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This fact sheet provides basic information about kava—common names, what the science says, potential side effects and cautions, and resources for more information.
Kava is native to the islands of the South Pacific and is a member of the pepper family. Kava has been used as a ceremonial beverage in the South Pacific for centuries.
Historically, kava was used to help people fall asleep and fight fatigue, as well as to treat asthma and urinary tract infections. It also had a topical use as a numbing agent. More recent folk or traditional uses include anxiety, insomnia, and menopausal symptoms.
The root and rhizome (underground stem) of kava are used to prepare beverages, extracts, capsules, tablets, and topical solutions.
What the Science Says
- Although scientific studies provide some evidence that kava may be beneficial for the management of anxiety, the U.S. Food and Drug Administration (FDA) has issued a warning that using kava supplements has been linked to a risk of severe liver damage.
- Kava is not a proven therapy for other uses.
- NCCIH-funded studies on kava were suspended after the FDA issued its warning.
Side Effects and Cautions
- Kava has been reported to cause liver damage, including hepatitis and liver failure (which can cause death).
- Kava has been associated with several cases of dystonia (abnormal muscle spasm or involuntary muscle movements). Kava may interact with several drugs, including drugs used for Parkinson’s disease.
- Long-term and/or heavy use of kava may result in scaly, yellowed skin.
- Avoid driving and operating heavy machinery while taking kava because the herb has been reported to cause drowsiness.
- Tell all your health care providers about any complementary health approaches you use. Give them a full picture of what you do to manage your health. This will help ensure coordinated and safe care.
For More Information
The NCCIH Clearinghouse provides information on NCCIH and complementary and integrative health approaches, including publications and searches of Federal databases of scientific and medical literature. The Clearinghouse does not provide medical advice, treatment recommendations, or referrals to practitioners.
A service of the National Library of Medicine (NLM), PubMed® contains publication information and (in most cases) brief summaries of articles from scientific and medical journals.
Office of Dietary Supplements (ODS), National Institutes of Health (NIH)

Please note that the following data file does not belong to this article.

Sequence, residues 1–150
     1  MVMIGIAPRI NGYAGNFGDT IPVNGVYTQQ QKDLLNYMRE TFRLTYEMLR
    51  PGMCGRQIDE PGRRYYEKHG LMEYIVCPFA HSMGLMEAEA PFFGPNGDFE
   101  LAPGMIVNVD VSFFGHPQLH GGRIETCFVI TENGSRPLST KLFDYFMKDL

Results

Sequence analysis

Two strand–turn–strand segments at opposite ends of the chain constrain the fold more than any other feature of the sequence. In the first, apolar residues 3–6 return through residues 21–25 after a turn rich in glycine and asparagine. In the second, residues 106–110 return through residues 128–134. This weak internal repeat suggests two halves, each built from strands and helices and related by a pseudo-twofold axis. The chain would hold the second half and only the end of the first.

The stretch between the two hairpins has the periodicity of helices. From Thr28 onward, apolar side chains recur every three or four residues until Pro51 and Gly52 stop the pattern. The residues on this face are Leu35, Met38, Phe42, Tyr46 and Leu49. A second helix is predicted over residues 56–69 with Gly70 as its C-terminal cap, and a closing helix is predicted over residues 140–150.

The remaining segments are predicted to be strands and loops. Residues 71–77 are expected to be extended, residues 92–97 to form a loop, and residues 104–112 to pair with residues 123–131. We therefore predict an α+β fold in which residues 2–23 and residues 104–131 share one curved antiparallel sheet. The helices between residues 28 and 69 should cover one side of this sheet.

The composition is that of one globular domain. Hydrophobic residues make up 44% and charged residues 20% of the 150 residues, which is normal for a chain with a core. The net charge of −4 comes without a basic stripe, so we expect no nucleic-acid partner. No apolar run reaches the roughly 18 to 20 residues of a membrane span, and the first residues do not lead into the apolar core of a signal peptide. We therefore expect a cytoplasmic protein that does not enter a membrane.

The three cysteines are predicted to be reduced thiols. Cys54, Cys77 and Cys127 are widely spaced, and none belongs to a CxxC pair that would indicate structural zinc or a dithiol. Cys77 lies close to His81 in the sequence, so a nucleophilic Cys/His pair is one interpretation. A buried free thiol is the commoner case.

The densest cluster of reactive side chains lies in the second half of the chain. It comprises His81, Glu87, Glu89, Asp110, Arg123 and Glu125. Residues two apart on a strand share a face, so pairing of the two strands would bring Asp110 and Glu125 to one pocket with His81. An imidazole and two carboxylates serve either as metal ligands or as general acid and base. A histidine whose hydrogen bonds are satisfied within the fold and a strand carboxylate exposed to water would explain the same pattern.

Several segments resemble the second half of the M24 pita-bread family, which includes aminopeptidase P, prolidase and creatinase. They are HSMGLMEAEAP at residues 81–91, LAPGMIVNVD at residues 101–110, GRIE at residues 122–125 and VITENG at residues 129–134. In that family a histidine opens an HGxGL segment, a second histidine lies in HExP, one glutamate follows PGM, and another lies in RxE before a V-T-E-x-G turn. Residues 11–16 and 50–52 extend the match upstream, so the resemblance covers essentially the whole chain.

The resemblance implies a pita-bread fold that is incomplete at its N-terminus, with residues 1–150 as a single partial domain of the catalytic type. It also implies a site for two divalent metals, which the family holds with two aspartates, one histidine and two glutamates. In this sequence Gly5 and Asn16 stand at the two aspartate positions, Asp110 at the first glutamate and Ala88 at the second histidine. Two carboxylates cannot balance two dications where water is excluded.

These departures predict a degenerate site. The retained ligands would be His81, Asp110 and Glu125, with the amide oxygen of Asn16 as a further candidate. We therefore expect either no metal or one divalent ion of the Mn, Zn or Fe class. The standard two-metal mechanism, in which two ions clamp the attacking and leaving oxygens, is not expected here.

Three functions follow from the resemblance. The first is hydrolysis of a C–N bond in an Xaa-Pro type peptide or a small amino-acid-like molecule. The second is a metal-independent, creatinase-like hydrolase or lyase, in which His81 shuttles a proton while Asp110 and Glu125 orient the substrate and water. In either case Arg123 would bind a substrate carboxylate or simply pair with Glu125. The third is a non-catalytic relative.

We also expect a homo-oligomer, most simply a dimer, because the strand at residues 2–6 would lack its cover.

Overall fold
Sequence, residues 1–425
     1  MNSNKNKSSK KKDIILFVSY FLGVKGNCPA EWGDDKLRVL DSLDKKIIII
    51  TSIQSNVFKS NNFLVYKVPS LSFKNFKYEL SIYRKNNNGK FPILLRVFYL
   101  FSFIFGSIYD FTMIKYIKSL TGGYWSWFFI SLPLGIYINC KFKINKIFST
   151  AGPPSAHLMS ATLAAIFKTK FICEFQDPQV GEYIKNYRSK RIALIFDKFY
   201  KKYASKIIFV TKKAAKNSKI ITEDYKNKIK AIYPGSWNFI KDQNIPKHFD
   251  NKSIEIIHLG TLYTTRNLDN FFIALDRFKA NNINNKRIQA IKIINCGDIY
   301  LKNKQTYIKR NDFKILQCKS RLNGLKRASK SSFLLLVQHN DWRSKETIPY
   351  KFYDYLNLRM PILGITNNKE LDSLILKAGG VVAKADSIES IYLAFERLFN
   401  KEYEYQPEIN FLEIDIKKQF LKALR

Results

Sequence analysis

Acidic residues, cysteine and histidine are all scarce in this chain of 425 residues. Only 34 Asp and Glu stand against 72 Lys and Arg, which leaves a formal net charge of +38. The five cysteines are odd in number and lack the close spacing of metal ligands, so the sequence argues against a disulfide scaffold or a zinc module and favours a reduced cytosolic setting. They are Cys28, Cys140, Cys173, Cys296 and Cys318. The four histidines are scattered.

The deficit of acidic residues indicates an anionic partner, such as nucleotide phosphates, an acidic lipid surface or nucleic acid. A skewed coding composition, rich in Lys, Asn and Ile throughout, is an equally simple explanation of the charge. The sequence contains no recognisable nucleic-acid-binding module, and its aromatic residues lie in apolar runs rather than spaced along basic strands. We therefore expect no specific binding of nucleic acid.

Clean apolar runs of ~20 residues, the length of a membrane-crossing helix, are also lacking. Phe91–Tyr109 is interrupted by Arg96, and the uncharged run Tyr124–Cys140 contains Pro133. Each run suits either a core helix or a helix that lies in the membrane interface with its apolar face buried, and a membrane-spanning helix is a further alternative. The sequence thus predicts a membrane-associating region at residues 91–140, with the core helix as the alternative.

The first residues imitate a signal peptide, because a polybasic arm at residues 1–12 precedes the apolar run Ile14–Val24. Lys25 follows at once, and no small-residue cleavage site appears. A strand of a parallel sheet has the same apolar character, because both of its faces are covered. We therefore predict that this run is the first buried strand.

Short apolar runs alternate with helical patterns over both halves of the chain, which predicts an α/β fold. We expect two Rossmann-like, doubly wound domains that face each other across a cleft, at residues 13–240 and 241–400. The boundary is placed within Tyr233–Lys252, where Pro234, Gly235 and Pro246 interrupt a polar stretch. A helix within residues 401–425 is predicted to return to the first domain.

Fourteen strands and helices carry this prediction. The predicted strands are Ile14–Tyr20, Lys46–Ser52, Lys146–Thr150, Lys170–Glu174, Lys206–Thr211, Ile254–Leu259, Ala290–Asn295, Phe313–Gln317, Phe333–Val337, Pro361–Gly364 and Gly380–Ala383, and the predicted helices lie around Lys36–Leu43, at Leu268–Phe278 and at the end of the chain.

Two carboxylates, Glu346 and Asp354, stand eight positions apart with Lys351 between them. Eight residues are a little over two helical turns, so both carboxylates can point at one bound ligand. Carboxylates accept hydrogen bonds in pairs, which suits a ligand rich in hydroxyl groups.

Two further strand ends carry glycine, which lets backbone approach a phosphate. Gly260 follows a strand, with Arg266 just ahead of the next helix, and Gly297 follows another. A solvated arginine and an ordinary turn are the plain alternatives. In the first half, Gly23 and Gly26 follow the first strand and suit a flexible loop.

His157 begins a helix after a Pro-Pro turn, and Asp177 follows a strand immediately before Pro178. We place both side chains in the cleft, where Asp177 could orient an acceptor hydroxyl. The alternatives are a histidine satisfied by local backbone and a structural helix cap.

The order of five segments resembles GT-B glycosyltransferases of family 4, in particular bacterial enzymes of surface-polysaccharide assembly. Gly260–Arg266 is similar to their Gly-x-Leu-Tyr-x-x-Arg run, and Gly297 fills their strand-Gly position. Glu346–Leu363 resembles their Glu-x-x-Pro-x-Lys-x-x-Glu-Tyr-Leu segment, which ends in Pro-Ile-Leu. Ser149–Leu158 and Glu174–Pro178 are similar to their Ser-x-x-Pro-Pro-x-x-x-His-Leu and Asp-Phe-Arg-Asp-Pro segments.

ODS seeks to strengthen knowledge and understanding of dietary supplements by evaluating scientific information, supporting research, sharing research results, and educating the public. Its resources include publications (such as Dietary Supplements: What You Need to Know), fact sheets on a variety of specific supplement ingredients and products (such as vitamin D and multivitamin/mineral supplements), and the PubMed Dietary Supplement Subset.
NIH National Library of Medicine's MedlinePlus
- Kava. Natural Medicines Comprehensive Database Web site. Accessed at www.naturaldatabase.com on July 14, 2009.
- Kava (Piper methysticum G. Forst). Natural Standard Database Web site. Accessed at www.naturalstandard.com on July 14, 2009.
- Kava kava rhizome (root). In: Blumenthal M, Goldberg A, Brinckman J, eds. Herbal Medicine: Expanded Commission E Monographs. Newton, MA: Lippincott Williams & Wilkins; 2000:221–225.
- Musser SM. Kava (Piper methysticum). In: Coates P, Blackman M, Cragg G, et al., eds. Encyclopedia of Dietary Supplements. New York, NY. Marcel Dekker; 2005:373–380.
- National Center for Complementary and Integrative Health. Kava Linked to Liver Damage. Consumer Advisory. National Center for Complementary and Integrative Health Web site. Accessed at nccih.nih.gov/news/alerts/kava/ on June 3, 2010.
- U.S. Food and Drug Administration. Consumer Advisory: Kava-Containing Dietary Supplements May Be Associated With Severe Liver Injury. U.S. Food and Drug Administration Web site. Accessed at www.fda.gov/Food/ResourcesForYou/Consumers/ucm085482.htm on June 3, 2010.
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